Poverty and a strong sense of tradition have combined to keep the technology of the acequias simple. Even today few of them have concrete ditches or permanent diversion dams. So the dirt-walled channels are cleaned annually, diversion dams are made with available scraps, and head gates are built of wood, rocks, and mud.
Following the roll call on the morning of la limpia (the cleaning), fifty of the more than two hundred dues-paying parciantes (the rest have paid a fine for being absent) follow the mayordomo to the edge of the acequia, dry now because the main head gate on the Rio Lucero has been closed for a week. The parciantes walk the length of the ditch from end to source, cutting brush, shifting rocks, removing logjams, digging out the winter’s accumulation of loose dirt and slumped walls. La limpia may last a morning, a day, or several days, depending on the number of parciantes and the state of the acequia.
Using a long cottonwood staff, the mayordomo walks ahead, directing the pardantes behind him into the ditch to make repairs on a tarea , or section, whose length he determines. He points his staff toward the ditch and calls “Uno!” or “Dos!” and the first one or two parciantes on line climb down to clean that tarea . As they drop into the ditch, those behind move up. And so it goes in rotation: a parciante works up through the line, climbs into the ditch, then falls back to the end of the group to begin again. In the course of the ten miles each parciante will scramble into and out of the ditch at least forty times and will crawl through hundreds of barbed-wire fences. In between they monitor the changes in neighbors’ fields and back yards and exchange family news.
In 1992 la limpia of the Acequia Madre del Rio Lucero included three Anglos. The Hispanic parciantes were glad to have them—Anglos who love the living history of acequias as much as they do. Newcomers who value the tradition of acequias are important. State law dictates that “water rights may be forfeited if the owner has failed to use the water for a period of four years.” Thus those who buy land and fail to irrigate it reduce the amount of water, labor, and dues available to the entire acequia. Many well-meaning outsiders who move to New Mexico to experience a traditional rural way of life unknowingly contribute to its demise by not participating in the system. The acequias may disappear.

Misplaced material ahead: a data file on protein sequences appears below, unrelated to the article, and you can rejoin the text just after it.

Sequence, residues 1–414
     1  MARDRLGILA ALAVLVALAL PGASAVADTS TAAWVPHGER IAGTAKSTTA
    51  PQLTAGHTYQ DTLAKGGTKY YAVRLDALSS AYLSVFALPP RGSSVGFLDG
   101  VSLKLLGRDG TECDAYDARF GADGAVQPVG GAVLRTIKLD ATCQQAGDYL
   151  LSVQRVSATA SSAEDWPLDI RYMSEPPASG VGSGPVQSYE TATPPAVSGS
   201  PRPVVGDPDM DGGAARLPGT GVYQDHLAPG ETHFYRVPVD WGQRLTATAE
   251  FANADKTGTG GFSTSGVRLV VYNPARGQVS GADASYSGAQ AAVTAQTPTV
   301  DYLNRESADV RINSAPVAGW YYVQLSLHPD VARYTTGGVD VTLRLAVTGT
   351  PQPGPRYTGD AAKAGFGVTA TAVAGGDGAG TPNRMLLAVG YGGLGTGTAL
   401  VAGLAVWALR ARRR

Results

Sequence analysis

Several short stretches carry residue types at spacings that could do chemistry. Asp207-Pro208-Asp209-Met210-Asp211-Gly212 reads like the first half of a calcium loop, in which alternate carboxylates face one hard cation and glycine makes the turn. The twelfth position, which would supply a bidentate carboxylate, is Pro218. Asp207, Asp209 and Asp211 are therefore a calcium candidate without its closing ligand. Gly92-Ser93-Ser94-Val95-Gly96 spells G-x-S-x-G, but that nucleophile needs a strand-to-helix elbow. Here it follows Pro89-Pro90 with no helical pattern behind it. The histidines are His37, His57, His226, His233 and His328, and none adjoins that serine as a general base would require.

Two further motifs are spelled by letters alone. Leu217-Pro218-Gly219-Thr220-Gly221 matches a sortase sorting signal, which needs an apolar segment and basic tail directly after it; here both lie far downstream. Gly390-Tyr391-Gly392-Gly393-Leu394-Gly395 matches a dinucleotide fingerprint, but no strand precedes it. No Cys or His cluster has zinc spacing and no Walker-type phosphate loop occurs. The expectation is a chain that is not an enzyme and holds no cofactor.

Yet there are those who seek out New Mexico’s northern counties and join the tradition rather than weaken it. In 1969 Stanley Crawford moved to a mountain village south of Taos. There he added garlic farming to his life as a writer and joined the local acequia association—an Anglo parciante from San Diego. By the 1980s Crawford had actually become the mayordomo . In 1988 he published Mayordomo , a book chronicling four seasons in the life of his community’s acequia, and in 1992 he published A Garlic Testament .
Farming his one and a half acres of garlic, Crawford admits that “there are better ways to do all this”—methods of irrigation that are more efficient and productive, though more costly. And yet, says Crawford, two aspects of tradition matter.
“One has to do with the aesthetics.… I farm—a kind of painting on earth —because of the constantly changing patterns I can create with water, seed, soil, sunlight, and the weather,” writes Crawford. “The other has to do with the social, with community, with human borders, with the acequia.… The water I take such pleasure in, in the furrow, in the acequia, in the river, is mine only in a transitory and heavily mediated way: it is delivered for my use, for my pleasure, through the labors of my thirty land-owning neighbors and the indirect consent of everybody else who irrigates in this small valley.” Now completely committed to the tradition of community-run irrigation ditches, Crawford and others like him may represent that tradition’s chance for survival.